Digging History

Ancient tomb of gold worker found along Nile river

The ancient tomb found on Sai Island seems to have been built for a man named Khnummose. His remains remains along with those of possibly his wife were buried there.

The ancient tomb found on Sai Island seems to have been built for a man named Khnummose. His remains remains along with those of possibly his wife were buried there.  (AcrossBorders project/Julia Budka)

A 3,400-year-old tomb holding the remains of more than a dozen possibly mummified people has been discovered on Sai Island, along the Nile River in northern Sudan.

Archaeologists discovered the tomb in 2015, though it wasn't until 2017 that a team with the AcrossBorders archaeological research project fully excavated the site.

The island is part of an ancient land known as Nubia that Egypt controlled 3,400 years ago. The Egyptians built settlements and fortifications throughout Nubia, including on Sai Island, which had a settlement and a gold mine. The tomb, which contains multiple chambers, appears to hold the remains of Egyptians who lived in or near that settlement and worked in gold production. [See Photos of the Ancient Tomb on Sai Island]

The artifacts found in the tomb include scarabs (a type of amulet widely used in Egypt), ceramic vessels, a gold ring, the remains of gold funerary masks worn by the deceased and a small stone sculpture known as a shabti. The ancient Egyptians believed that shabtis could do the work of the deceased for them in the afterlife. Some of the artifacts bore Egyptian hieroglyphic inscriptions that revealed the tomb was originally created for a man named Khnummose, who was a "master gold worker."

The remains of Khnummose (which may have been mummified) were found next to those of a woman who may have been his wife. Some of the other people found in tomb may have been relatives of Khnummose, the researchers said, adding that they planned to conduct DNA analyses of the remains.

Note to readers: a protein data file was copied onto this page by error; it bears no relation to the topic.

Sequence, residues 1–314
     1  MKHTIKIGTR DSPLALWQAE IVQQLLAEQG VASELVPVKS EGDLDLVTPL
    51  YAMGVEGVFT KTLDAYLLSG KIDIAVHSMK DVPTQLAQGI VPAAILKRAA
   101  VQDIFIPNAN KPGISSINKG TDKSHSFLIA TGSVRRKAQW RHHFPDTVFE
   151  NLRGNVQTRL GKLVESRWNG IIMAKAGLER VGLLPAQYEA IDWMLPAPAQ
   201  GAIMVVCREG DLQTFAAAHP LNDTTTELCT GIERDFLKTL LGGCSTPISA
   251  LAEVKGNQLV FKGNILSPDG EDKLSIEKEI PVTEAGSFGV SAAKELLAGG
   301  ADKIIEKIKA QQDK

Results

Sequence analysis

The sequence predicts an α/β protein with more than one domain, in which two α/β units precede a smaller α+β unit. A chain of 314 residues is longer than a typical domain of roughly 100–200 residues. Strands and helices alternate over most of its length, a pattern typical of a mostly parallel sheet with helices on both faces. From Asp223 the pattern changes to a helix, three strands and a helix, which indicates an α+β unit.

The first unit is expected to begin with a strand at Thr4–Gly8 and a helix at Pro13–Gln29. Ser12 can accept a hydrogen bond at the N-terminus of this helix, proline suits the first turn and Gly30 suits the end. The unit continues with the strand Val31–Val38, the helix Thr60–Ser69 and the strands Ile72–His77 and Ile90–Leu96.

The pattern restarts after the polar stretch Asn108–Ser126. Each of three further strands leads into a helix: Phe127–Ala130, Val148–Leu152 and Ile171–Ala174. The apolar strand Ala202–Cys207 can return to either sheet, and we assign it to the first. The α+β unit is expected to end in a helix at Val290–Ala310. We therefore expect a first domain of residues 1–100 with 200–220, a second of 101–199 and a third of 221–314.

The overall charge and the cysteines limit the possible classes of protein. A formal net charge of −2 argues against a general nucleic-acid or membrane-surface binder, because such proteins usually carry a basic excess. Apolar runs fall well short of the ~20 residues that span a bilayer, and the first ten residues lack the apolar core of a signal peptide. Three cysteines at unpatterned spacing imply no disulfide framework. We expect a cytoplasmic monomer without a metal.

"We will try to extract ancient DNA from the [bones] of the bodies in question," said Julia Budka, professor for Egyptian Archaeology and Art History at the Ludwig-Maximilians-University of Munich. "If the [ancient] DNA is preserved, this will help us a lot. Otherwise, it all remains tentative," said Budka, who noted that the samples are already at the Department for Archaeogenetics at the Max Planck Institute for the Science of Human History in Jena, Germany.

The archaeologists said they aren't sure how many of the bodies were mummified.

"The state of preservation is very difficult here," Budka said. "I am waiting for the report of my physical anthropologists. For now, the position and also traces of bitumen speak for some kind of mummification for all persons in Tomb 26 who were placed in wooden coffins." Bitumen is a type of petroleum that the ancient Egyptians sometimes used in mummification.

Many of the coffins are also poorly preserved, and it's uncertain exactly how many of the people were buried in coffins, Budka said.

Original article on Live Science.